For too long the elderly have taken it on the chin, being on the receiving end of one-liners poking fun at their diminishing cognitive abilities. Not only has the teasing shown a lack of empathy for our elders, it also has revealed insufficient popular awareness about the true nature of debilitating diseases that affect cognition, such as Alzheimer's.
Heads up, folks: While Alzheimer's and other forms of dementia are typically diagnosed in those 65 and over, more cases are coming to light of people in their 40s and 50s showing early signs of the disease. Case in point is former University of Tennessee women's basketball coach Pat Summitt, the winningest Division I coach, male or female, at the time of her retirement less than a year after she announced at age 59 she had early early-onset (aka younger-onset) Alzheimer's.
Other prominent Alzheimer's sufferers over the last 20 years have included former U.S. president Ronald Reagan, actor Charles Bronson, singer Perry Como, and prominent Chinese chef and TV personality Joyce Chen -- although none were as young as Summitt was when she was first diagnosed.
Alzheimer's disease is an "irreversible, progressive brain disorder that slowly destroys memory and thinking skills, and eventually the ability to carry out the simplest tasks," according to the National Institute on Aging (NIA). In late-stage Alzheimer's, victims are unable to engage in a conversation or respond to their environment. Survival after a diagnosis can range from four to 20 years, depending on the patient's age and other health factors. Although there is no known cure for Alzheimer's, symptoms are treatable and research for a cure continues.
Ironically, although Alzheimer's gradually destroys a person's quality of life, a diagnosis can't be confirmed until after the patient is dead. Autopsies typically will show significant shrinkage of the brain from the countless deaths of brain cells, as well as abnormalities referred to at mayoclinic.org as plaques ("clumps of a protein called beta-amyloid" that destroy brain cells in several ways) and tangles ("threads of tau protein twist into abnormal tangles inside brain cells, leading to failure of the transport system"). A New York Times in-depth report identified a third brain abnormality as loss of nerve cell connections.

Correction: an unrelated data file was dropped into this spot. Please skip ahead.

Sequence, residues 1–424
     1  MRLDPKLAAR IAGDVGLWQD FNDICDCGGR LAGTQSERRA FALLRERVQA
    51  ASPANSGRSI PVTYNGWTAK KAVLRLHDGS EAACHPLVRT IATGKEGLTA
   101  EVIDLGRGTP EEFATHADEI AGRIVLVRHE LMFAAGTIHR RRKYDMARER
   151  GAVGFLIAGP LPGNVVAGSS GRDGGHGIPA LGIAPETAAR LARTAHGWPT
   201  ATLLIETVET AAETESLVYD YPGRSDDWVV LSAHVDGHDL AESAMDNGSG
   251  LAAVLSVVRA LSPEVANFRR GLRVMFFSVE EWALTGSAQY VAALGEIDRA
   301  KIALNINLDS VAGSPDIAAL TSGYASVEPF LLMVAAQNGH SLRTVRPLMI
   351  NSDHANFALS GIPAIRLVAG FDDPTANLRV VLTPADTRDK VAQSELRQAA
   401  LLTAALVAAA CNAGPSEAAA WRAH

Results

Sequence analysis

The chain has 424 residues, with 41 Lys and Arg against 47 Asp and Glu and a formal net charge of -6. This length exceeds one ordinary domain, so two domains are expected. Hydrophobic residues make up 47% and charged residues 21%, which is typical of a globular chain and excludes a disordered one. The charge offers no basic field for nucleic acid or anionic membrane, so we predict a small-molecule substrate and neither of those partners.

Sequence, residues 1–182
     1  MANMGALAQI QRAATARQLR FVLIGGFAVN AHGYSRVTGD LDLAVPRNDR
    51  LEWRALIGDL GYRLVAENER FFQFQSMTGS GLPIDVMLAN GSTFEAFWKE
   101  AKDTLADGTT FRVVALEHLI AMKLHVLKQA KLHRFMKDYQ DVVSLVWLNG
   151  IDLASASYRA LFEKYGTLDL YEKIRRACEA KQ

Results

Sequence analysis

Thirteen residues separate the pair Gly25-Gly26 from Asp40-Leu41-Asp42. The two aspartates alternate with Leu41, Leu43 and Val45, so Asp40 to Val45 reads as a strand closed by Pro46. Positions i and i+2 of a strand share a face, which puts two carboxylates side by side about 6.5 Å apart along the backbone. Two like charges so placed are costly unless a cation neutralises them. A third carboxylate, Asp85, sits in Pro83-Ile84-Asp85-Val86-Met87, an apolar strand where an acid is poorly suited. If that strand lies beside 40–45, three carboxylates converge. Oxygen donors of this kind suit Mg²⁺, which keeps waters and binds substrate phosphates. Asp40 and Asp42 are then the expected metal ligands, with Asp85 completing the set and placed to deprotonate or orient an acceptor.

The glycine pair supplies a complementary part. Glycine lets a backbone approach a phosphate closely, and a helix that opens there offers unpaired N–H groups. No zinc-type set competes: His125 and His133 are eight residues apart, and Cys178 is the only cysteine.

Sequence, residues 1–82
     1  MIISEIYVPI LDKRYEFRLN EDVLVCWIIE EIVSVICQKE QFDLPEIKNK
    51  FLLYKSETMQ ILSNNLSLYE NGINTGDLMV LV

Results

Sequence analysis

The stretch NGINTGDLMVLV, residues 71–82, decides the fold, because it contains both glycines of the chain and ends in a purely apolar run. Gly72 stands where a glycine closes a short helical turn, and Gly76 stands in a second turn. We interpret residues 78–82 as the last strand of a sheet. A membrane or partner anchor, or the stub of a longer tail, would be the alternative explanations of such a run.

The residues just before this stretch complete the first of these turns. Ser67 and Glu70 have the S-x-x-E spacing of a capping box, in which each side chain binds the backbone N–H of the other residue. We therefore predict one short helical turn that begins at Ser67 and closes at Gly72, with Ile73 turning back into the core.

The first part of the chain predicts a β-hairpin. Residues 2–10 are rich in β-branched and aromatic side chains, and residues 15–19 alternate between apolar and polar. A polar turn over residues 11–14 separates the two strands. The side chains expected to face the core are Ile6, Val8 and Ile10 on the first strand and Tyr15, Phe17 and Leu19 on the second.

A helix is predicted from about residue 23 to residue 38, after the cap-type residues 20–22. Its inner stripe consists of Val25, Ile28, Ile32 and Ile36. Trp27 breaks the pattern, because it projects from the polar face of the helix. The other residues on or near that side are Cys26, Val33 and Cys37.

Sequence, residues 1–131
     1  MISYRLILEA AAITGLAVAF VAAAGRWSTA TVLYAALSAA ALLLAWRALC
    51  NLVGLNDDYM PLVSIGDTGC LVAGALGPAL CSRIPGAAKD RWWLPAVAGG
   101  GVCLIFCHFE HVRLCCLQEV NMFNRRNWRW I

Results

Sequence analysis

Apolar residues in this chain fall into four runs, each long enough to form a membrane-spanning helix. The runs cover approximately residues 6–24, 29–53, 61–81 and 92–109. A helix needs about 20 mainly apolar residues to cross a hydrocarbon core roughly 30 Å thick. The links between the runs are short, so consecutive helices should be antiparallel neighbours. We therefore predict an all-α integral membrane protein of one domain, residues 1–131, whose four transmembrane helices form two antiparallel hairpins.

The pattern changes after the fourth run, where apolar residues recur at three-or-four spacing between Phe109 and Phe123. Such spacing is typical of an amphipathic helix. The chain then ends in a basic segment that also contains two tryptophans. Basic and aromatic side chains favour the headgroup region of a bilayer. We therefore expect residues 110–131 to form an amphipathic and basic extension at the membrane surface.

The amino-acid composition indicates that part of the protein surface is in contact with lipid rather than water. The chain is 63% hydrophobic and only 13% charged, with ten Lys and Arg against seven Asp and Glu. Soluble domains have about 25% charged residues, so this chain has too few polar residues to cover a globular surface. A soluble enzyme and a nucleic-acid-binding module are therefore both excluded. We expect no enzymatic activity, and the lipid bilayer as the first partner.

No definitive causes of Alzheimer's have been identified, with experts generally saying it typically involves a combination of genetic, environmental, health and lifestyle factors. Doctors can use a variety of methods to diagnose Alzheimer's such as extensive questioning of the patient, memory tests, standard medical tests and even brain scans to at least rule out other causes of the symptoms.
Signs that a person might be slipping toward Alzheimer's go well beyond common mental lapses such as locking your keys inside the car and forgetting where you put your glasses. The red flag goes up in scenarios such as no longer being able to keep track of monthly bills, asking the same question several times over (forgetting you already asked it), or repeated difficulty completing simple tasks at work. Those are among 10 symptoms generally regarded by health experts as harbingers of Alzheimer's, any of which is cause enough to at least seek out a health professional's counsel.
Caution should be exercised, though. Some people having memory issues might have a condition known as mild cognitive impairment (MCI), in which symptoms don't interfere with their everyday lives. Older people with MCI, the NIA says, however, are at greater risk of getting Alzheimer's, but not all of them do.
Certain lifestyle alterations, according to the New York Times, might help prevent Alzheimer's. These include staying mentally, physically and socially active; eating a diet healthy for the brain and heart; and maintaining a healthy weight. Regular physical exercise could be a key factor: A recent Los Angeles Times article reported several studies that linked regular participation in aerobic-conditioning classes to improvements in cognitive functions among older adults with previously diagnosed cognitive impairments. These findings, said Alzheimer's researcher Laura Baker (Wake Forest Baptist Medical Center), "strongly suggest a potent lifestyle intervention such aerobic exercise can impact Alzheimer's-related changes in the brain."
Here's hoping advances in Alzheimer's diagnoses and treatments will give our elderly, and even those a bit younger, the last laugh.